With mainstream media, government officials, and others repeatedly referring to borrowers as victims, the victim syndrome has become ingrained in our collective social consciousness.  This card cannot be played indefinitely.

Bubble-era borrowers are victims — victims of their own bad decisions, greed, foolishness, and financial innumeracy. True victims are not responsible for their circumstances. Loanowners are responsible. They made a choice.

A pragmatic solution may be that borrowers in foreclosure, as a prerequisite to seeking participation in foreclosure diversion or mediation programs, be required to first obtain certificates of consumer counseling – much like the bankruptcy filing prerequisite.

To the extent counties and courts have such requirements but are not religiously or consistently enforcing them, lenders/servicers could then condition trial-period plans (TPPs) or other agreements on obtaining such certificates.

Putting more requirements on obtaining a loan modification means less of them will be done. Although I might think that’s a great thing, the purpose of loan modifications is not to help borrowers, it’s to help banks. Lenders need to do these loan modifications to kick the can while they wait for prices to get back near the peak where they can finally force the deadbeats out without losing a trillion dollars.

Alternatively, or in conjunction with the foregoing, is monitoring borrowers’ spending while they are in TPP’s or loan modifications by requiring periodic submissions of certain financial records.  Though it may seem that these requirements are parens patriae in nature, some individuals would likely benefit from them and may exhibit more disciplined spending habits if “big brother” is monitoring them.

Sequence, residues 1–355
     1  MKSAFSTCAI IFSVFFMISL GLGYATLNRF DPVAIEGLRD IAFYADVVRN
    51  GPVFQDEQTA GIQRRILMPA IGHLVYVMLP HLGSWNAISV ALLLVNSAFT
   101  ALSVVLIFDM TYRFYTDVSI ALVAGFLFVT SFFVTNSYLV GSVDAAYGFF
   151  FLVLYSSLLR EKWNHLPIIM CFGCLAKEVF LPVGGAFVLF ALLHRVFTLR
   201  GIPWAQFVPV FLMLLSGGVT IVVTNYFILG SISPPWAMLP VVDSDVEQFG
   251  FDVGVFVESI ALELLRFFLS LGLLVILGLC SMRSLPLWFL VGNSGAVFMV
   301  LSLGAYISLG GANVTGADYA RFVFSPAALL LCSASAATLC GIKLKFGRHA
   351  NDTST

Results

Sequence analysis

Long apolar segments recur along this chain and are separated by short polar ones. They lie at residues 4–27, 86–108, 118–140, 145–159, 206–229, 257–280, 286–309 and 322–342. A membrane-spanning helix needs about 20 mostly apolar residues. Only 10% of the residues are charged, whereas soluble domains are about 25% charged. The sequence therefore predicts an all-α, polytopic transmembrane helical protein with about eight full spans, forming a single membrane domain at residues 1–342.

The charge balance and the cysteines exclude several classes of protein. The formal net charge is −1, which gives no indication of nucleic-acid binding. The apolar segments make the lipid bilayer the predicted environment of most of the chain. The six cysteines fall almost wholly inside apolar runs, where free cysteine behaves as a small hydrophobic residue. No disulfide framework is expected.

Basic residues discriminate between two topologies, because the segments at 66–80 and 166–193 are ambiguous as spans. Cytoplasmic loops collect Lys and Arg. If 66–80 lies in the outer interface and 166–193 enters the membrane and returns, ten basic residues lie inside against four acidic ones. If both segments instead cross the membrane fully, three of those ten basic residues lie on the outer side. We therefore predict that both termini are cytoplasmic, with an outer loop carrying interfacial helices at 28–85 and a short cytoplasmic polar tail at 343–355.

Just what we need, government bureaucrats looking over the details of every financial transaction, not.

The foregoing requirements appear permissible under HAMP and Pennsylvania law, in particular.  Template TPP’s and loan modification agreements may need to be revised or updated; or, lenders/servicers could task the drafting of such agreements to local counsel, who are already familiar with their jurisdiction’s laws.

How about we simply stop making loan modifications. That day will come soon because the loan modification entitlement will be rescinded as prices near the peak. Borrowers today think this is a new entitlement. Unless we get several million underwater borrowers with toxic loans again, borrowers who believe loan modifications will always be a part of the lending landscape will be very disappointed.

Loan modification programs are a consistent failure. Redefault rates are very high, and very few borrowers will ever hang on long enough to become an equity sale, particularly in the most beaten down markets. Lenders keep trying because they must kick the can. Politicians support them because it gets loanowners off their backs. Loanowners go along because the modifications help them supplement their profligate spending and support their entitlements.